Ever since the arrival of the initial ‘Mobilegeddon’ update on 21st April 2015, mobile-friendliness has been an important factor when it comes to Google search results. In its blog post two months earlier that seemed to herald changes in the algorithm , Google pointed out that it wanted to provide better user experience by ensuring that users “find it easier to get relevant, high-quality search results that are optimized for their [mobile] devices”.
In the past couple of years, Google has reiterated and emphasized its commitment to mobile-friendliness by providing a label that is ‘mobile friendly’ which will be unique to the mobile-friendly websites such that they can be easily differentiated.
Also, changes were made to the mobile search results page which consists of user-friendly URLs and expanded site links, while also launching Accelerated Mobile Pages to provide an ultra-fast mobile experience.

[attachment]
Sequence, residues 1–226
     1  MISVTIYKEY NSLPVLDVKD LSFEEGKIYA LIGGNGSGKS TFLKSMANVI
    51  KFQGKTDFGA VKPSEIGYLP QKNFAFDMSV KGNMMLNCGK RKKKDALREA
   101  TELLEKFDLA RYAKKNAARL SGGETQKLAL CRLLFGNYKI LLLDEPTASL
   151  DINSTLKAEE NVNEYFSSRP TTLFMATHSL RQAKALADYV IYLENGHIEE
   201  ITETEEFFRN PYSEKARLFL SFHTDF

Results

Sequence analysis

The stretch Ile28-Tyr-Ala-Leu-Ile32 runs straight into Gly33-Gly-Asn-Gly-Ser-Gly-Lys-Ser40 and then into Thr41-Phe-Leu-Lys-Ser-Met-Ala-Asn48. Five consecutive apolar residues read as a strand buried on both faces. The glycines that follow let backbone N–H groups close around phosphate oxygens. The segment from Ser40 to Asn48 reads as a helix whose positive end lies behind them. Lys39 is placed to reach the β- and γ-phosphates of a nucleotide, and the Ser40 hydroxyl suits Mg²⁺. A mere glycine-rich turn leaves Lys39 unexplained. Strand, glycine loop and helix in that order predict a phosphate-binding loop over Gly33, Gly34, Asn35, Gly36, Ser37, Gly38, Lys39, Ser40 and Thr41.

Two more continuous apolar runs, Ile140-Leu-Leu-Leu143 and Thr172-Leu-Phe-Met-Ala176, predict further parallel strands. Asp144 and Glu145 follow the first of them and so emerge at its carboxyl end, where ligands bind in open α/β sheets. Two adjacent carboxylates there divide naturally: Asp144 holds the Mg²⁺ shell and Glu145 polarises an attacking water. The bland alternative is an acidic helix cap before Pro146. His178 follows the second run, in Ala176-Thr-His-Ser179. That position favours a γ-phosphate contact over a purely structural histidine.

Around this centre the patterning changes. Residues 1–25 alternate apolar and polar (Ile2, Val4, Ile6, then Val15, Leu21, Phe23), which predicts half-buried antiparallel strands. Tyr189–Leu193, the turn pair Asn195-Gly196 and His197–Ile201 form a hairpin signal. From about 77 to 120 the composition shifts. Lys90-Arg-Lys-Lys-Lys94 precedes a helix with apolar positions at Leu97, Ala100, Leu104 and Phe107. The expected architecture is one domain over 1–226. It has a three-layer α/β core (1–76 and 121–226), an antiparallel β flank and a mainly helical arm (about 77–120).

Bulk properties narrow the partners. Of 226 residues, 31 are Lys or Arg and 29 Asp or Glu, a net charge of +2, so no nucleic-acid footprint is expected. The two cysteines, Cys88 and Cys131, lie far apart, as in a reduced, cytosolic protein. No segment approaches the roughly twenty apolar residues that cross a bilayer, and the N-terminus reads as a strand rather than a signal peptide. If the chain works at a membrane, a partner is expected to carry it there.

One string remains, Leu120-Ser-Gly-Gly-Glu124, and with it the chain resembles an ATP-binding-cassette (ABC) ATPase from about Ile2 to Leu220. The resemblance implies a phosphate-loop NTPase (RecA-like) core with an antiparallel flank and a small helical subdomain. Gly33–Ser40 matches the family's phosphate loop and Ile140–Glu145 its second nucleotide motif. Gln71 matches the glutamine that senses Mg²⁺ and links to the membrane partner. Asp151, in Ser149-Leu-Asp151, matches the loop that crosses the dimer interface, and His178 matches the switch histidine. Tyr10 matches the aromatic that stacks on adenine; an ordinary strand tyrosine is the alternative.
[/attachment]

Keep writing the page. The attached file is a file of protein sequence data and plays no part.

Now, through this latest update, Google has increased and improved on its mobile-friendly ranking signal even further, thus making it a priority for owners of a website to ensure that the standards of Google are met in this regard.
Bearing that in mind, the question of 'how does my site meet the required standard?' becomes inevitable and has to be answered. Well, not to worry, we have come up with a simple list that can help you achieve that.
Most mobile browsers are unable to provide Flash content, so obviously, an undeniable and important rule when creating a mobile-friendly site is: don’t use Flash. The mobile usability report from Google stylishly gives a warning that you should make use of “modern web technologies” to display your page content, animations and navigation instead. Ouch!